the new main road has been built meaning that access is from a dead end (getting
down to the beach is a bit hazardous). However, the nearby camping site (a
quarter of an hour's walk) has a good restaurant and there are two very good
traditional ferme auberges only a few minutes by car – towards Ponte Leccia. The
wild site has a meandering river and stunning vegetation (nature reserve). It's on
the southern end of the Desert des Agriates. It has no life guards and can be
dangerous in bad weather. It is big enough to have privacy and peace. Nobody is
likely to object to nudie bathing.
Pain de Sucre (Balagne - NW) - this one, like many on the stretch between Calvi
and Ile Rousse, is accessible by train; from the main road look for the signposted
dirt track, just after the Mobis furniture shop). It is small, with good thick sand
and some rocky bits. It has an attractive beach restaurant and can be a bit
dangerous in bad weather. We saw a (harmless) baby shark there a couple of
years ago!
Palombaggia (Porto
9kms from the town (bus
pines and has red granite
beach itself is sandy.
establishments and water
(in season) and is cleaned
attractive, it's very popular
considered by the Sunday
Top 20 beaches.
Vecchio - SE) - it's about
service) is fringed by
rocks behind, though the
There are three beach
sports. It has life guards
regularly. Because it so
in season. Palombaggia is
Times as one Europe's
Piantaredda (Bonifacio – S) – Here's a small sandy beach, a visit to which you
can combine with a bit of history, for right by it is the Roman ruins of
Piantaredda. See also Sperone (below).
Corsican Beaches 08/05 © 2005 William Keyser –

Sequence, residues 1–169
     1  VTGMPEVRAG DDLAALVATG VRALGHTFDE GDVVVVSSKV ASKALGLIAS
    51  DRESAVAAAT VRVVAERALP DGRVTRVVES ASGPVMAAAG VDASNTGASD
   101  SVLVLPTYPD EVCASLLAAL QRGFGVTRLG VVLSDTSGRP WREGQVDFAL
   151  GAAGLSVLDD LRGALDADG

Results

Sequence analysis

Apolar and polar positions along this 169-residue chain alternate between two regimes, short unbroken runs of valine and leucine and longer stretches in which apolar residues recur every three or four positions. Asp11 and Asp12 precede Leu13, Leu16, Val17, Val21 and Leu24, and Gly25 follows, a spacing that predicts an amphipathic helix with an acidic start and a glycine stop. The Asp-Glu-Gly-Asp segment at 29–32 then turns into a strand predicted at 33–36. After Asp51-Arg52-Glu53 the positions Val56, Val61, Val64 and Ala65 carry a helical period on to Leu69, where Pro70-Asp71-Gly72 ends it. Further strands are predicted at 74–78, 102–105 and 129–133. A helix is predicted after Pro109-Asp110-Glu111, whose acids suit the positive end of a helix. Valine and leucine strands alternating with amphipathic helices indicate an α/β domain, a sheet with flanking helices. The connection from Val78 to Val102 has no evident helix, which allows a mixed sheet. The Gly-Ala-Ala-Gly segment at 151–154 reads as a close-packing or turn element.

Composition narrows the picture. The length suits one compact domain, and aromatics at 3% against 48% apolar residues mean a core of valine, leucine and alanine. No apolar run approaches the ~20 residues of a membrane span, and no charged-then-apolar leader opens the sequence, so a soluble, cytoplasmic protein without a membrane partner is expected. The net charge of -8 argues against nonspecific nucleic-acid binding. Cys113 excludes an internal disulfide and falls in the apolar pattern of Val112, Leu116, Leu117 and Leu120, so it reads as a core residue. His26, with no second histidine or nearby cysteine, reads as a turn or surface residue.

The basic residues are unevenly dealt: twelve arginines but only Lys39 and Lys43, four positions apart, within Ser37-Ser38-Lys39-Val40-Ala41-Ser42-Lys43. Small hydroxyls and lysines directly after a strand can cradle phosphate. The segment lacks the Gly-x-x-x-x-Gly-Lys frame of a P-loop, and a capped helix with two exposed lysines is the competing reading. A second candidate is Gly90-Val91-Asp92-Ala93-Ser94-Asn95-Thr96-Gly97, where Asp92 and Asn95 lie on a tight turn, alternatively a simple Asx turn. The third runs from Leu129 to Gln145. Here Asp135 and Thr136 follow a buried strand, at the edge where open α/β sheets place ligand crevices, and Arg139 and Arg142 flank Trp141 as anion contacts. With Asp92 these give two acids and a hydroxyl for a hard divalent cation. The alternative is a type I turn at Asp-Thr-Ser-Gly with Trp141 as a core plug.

Pietracorbara (Cap Corse - N) - One of the Cap's rare sandy beaches and its 800
metres are frequented by locals as much as tourists. There are no establishments
actually on the beach (but there are nearby). It has a safe zone marked by buoys,
but in any event it's known as one of the safest on the island. The beach is some
way from the village - about half way up the east coast of the Cap.
Plage du Loto (Agriates - NW) - a hearty four hours walk from St Florent, or take
the boat Popeye II from town. It makes five trips a day in season. The Plage du
Loto is considered by the Sunday Times as one Europe's Top 20 beaches. If you
are on the way to Malfacu (see above), it'd be a good place to stop. Beware camping is permitted nowhere other than at designated sites.
Porto Pollo (Propriano - SW) - is a nice sandy beach with easy access, from the
road (a dead end) and its holiday houses are strung along behind it; this does not
make it unpleasant and it's well situated for the holiday town of Propriano and
sites like the prehistoric standing stones of Filitosa.
Punta di Spanu (Balagne – NW) – very special, I think. Right at the northerly
point of the Bay of Calvi, there is one small sandy beach in a rocky inlet (you can
come over from Calvi by boat, if you have one) and a very excellent restaurant –
Le Rocher – tel 04 95 60 68 74 (great in the day time for they have loungers and
will serve you next to the beach and thrilling at night with the lights of the town
over the bay).
Ricanto (Ajaccio - SW) - only 5 kms from the city centre, this is a family beach.
It is cleaned daily, has guards, parking and toilets. There's sailing here. It has just